Knowing your audience is a vital piece of the puzzle in the development of any type of content, and yet it is surprising how many marketers don’t have a clear picture of who they are communicating with, or indeed selling to. To ensure you don’t fall into this trap, Chris Callander from G and C Media explains what a buyer persona is and how you can create one for your brand or business.
Whenever you create content for your business or brand, you have to write it for your particular audience. Gone are the days of pushing out promotional messages. Today’s customers are too savvy, and nothing puts them off more than an obvious sales pitch — except maybe a poorly masked pitch.
For content to be successful today, it has to add value to the reader. It has to share useful information, to provide a solution to a problem, to elicit an emotional response.
The only way you can confidently do this is if you know the audience you are writing for.
This is where buyer personas, or customer profiles if you prefer, come in. A buyer persona is a research-based model of your typical customer. The model generally takes the form of a profile of a fictitious character that carries your customer’s traits. The traits should include who they are, their likes and interests. It should explain what they aim to achieve by buying your products. It should also outline how they think and how, where and when they make purchases.
What to explore
There is a range of information you can aim to discover relating to who your customer is. This can include gender, age, level of education, occupation, hobbies and interest, habits and even religion and beliefs if this might be relevant.
It may also be useful to understand typical personality traits shared by your customers. Are they risk takers and do they respond well to change? You may want to know if they are generally left or right brain thinkers, who therefore will be more creative or logical. Perhaps whether they follow the crowd or take a more independent approach could also be useful to know.
Regarding what it aims to achieve, a profile needs to cover your customers’ aspirations, motivations, the challenges they face and what they may want to change about their role or industry.
You will want to know why they purchased your products and which factors helped them make a positive decision. You should also try and establish what information they sought out before making the decision, and where from; was it peer reviews or technical information on your website for example?
Where your typical customer sources information and engages and communicates with peers is also important to understand. Do they use social platforms and, if so, which ones? Do they prefer digital information or other media formats?
To gain some of this information, you may need to interview your customers. This would give you the opportunity to find out why they bought into your solution and what made them choose you over the competition. You should also be able to establish what questions they sought answers to before choosing your solution. For example ‘can I afford it’ or ‘is it an ethical choice’?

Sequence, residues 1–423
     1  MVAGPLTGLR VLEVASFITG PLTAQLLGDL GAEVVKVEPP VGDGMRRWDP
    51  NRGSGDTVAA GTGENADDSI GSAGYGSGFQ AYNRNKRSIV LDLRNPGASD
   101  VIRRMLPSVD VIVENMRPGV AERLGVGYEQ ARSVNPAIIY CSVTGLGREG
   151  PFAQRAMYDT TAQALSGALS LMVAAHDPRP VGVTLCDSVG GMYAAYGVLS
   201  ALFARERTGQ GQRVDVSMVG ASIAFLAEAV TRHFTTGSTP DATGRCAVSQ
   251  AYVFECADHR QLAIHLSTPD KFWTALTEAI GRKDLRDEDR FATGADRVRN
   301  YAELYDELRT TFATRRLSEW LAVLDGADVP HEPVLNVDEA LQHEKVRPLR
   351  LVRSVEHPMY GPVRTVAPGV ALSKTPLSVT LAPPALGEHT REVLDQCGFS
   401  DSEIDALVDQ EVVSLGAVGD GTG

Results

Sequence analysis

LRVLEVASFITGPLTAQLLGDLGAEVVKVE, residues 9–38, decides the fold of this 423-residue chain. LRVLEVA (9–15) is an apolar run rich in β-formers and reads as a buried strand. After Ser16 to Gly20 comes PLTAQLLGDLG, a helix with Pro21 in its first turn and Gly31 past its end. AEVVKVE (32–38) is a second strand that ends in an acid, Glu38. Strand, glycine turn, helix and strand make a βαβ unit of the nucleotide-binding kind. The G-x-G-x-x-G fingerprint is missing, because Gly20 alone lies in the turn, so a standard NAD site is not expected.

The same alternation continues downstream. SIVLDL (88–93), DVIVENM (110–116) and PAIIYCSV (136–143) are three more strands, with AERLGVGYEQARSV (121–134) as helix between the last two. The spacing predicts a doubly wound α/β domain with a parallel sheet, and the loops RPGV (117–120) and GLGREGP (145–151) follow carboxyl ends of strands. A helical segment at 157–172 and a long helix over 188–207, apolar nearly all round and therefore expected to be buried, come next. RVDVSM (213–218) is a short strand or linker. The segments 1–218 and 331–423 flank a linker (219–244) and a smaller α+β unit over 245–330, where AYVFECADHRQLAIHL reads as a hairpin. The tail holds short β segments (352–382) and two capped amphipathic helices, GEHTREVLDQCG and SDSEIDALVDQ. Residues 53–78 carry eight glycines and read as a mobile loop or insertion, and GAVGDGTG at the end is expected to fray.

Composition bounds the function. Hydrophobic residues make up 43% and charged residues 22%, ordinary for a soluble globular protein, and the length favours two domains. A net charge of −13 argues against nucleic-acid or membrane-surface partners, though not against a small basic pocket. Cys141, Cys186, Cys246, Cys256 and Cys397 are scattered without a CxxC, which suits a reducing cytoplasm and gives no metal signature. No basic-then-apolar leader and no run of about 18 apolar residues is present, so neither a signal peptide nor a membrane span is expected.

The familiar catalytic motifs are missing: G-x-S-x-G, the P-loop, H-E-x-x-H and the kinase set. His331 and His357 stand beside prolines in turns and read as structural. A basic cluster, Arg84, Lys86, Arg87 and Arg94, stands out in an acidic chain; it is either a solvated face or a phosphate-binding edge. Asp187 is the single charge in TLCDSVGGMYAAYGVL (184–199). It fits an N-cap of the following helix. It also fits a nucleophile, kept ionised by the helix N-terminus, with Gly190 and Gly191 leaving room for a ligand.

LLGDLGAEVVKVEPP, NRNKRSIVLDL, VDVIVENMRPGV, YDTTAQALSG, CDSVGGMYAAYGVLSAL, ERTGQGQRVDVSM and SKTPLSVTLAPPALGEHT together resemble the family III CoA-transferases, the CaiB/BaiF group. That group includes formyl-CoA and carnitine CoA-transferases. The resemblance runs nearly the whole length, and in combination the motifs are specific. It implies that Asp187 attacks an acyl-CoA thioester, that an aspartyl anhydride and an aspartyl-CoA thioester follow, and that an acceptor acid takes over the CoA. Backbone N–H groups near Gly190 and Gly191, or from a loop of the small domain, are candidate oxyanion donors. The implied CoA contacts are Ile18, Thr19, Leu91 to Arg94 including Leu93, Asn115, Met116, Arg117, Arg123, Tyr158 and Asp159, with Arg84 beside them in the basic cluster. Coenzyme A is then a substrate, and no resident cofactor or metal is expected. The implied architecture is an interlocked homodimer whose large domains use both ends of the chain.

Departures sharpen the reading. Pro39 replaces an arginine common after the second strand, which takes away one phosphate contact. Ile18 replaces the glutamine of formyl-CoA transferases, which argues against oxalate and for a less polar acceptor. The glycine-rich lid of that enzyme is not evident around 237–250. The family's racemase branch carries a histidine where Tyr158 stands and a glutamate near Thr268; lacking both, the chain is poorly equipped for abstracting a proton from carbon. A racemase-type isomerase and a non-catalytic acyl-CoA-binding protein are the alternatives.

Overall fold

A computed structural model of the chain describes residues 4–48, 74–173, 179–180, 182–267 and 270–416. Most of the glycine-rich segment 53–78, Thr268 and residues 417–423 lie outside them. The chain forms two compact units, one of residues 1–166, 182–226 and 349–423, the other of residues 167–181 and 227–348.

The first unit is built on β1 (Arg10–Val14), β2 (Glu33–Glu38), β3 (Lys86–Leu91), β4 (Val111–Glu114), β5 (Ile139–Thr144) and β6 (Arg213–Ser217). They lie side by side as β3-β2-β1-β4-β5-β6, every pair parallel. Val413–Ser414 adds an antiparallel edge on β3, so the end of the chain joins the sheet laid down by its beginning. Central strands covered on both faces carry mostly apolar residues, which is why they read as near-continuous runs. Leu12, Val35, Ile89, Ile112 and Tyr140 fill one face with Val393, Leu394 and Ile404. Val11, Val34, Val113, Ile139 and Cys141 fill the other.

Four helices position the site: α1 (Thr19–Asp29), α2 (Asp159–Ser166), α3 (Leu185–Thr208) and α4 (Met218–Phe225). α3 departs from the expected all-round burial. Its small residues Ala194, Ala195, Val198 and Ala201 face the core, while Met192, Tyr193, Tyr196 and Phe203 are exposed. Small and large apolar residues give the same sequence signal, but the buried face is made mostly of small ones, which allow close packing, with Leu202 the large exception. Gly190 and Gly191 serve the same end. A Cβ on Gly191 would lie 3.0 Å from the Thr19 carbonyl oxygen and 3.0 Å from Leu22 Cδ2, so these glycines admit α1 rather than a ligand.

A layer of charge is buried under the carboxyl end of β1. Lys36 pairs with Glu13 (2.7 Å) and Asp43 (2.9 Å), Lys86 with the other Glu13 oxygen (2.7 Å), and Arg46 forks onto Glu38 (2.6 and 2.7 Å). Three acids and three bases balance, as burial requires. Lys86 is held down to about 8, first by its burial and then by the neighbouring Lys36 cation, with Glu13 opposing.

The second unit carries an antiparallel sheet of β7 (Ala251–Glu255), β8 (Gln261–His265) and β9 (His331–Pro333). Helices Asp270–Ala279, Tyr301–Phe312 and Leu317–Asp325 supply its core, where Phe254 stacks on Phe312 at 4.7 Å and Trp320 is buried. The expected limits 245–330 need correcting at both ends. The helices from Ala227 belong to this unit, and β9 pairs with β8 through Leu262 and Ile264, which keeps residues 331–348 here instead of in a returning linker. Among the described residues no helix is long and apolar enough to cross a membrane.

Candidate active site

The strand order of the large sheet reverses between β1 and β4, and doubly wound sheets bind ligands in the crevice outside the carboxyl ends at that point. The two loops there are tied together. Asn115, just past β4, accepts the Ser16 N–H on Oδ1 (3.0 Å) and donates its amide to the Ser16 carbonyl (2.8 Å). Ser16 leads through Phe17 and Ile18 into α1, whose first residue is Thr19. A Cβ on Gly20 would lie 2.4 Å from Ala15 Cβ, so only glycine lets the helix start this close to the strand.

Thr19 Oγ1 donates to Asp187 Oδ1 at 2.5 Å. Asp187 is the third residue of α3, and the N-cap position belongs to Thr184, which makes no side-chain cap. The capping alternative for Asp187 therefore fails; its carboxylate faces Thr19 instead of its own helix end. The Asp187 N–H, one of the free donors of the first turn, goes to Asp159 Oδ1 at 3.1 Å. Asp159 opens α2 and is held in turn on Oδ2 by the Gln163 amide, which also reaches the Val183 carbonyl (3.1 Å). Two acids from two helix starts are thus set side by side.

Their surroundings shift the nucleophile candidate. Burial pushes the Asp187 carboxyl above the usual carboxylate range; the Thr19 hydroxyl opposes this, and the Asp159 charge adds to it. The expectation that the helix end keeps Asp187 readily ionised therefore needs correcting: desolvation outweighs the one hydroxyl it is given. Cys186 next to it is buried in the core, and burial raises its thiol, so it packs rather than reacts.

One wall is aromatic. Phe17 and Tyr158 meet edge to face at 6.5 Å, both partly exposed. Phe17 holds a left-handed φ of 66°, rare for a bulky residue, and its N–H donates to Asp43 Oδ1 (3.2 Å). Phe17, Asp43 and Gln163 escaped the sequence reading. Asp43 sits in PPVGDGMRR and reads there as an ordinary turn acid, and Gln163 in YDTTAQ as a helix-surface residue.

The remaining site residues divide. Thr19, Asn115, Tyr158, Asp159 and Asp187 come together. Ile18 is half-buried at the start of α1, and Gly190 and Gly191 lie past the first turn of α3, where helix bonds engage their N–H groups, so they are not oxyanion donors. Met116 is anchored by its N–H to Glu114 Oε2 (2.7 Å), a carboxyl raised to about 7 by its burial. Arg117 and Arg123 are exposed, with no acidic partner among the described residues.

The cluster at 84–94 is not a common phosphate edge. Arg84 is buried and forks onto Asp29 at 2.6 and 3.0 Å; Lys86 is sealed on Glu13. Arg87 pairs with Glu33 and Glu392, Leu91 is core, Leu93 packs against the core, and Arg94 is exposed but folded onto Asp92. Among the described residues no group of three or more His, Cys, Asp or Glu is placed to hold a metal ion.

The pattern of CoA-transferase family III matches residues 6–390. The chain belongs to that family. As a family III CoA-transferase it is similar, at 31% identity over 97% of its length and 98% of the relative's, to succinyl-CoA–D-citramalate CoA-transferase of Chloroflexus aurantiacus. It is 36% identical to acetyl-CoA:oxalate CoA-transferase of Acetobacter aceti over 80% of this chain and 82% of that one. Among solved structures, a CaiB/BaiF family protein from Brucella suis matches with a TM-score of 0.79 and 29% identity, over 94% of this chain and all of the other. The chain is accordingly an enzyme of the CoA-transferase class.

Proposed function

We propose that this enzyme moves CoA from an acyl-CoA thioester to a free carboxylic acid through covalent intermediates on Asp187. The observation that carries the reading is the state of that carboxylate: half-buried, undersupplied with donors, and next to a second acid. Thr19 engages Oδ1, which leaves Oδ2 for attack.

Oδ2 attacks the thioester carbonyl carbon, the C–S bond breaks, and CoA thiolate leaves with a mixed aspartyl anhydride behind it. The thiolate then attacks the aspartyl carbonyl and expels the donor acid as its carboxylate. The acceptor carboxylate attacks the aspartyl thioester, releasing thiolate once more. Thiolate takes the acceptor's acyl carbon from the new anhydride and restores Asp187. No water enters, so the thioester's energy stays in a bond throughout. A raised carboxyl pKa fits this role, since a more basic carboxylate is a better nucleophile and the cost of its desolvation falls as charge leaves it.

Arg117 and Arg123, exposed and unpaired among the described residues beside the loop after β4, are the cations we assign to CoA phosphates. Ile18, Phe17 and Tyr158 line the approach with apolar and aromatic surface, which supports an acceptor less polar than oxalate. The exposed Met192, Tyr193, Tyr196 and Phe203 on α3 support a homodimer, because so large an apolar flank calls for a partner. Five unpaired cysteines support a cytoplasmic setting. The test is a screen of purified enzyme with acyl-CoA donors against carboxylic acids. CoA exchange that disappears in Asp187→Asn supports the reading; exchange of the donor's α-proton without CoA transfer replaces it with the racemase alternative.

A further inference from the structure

Depending on how your business operates you may have a wealth of this information already available. Can you talk to your sales team and find out what common traits they see when interacting with customers? Does your CRM database offer information about how and how often your customers like to communicate? What else does that tell you about their preferences?
There may also be information about your target market available from secondary sources. Research may already have been carried out into groups you have identified as including your customers. Some desk research will quickly identify what is available.
Putting it together
You do want to be as specific as you can. ‘Man or women aged 18-60’ is not enough. That said, there is almost no end to the levels of detail you can go to or the amount of information you can gather.
The trick is to establish which areas are most relevant in your case. But do be prepared to find trends and traits you didn’t realise your customers shared. As well as helping you tailor your content it may open up unexplored groups of prospects.
Don’t try to fudge the exercise, or worse still guess or use assumptions. Wherever you can, the information you use to build your profile has to be based on data and insight that can be verified. Otherwise, you risk your marketing decisions being based on flawed information.
With all the information captured and verified, create a fictitious person with a profile and backstory to allow you to visualise your ideal customer. Give them a name and even an image. Then, every time you create content ask yourself: Does the topic, style and method of delivery appeal to our customer?
Meet Gary, our example buyer persona
Location: Rural Manchester
Education: Level 4
Occupation: Production Director
Goals: To consistently produce products that stand head and shoulders above the competition.
Motivations: Satisfied customers, low prices
Frustrations: Pressures placed on quality by the need to keep costs low.
Personality traits: Outgoing, detail oriented, loyal
Biography: Gary began his career as an apprentice at Fictitious Foods and worked his way up to his current role over the course of 19 years. He has been Production Director for the last six years. He is passionate about the products his company produces with quality being his top priority. He measures the success of his products through the satisfaction of his customers.
Gary is a customer of ours because he appreciates the focus we place on quality and customer service. He has been buying our products for four years having initially been introduced to our company by another of our customers.
Quote: “I’m not happy until our customers are.”
Favourite brands: John Lewis, First Direct, Virgin Trains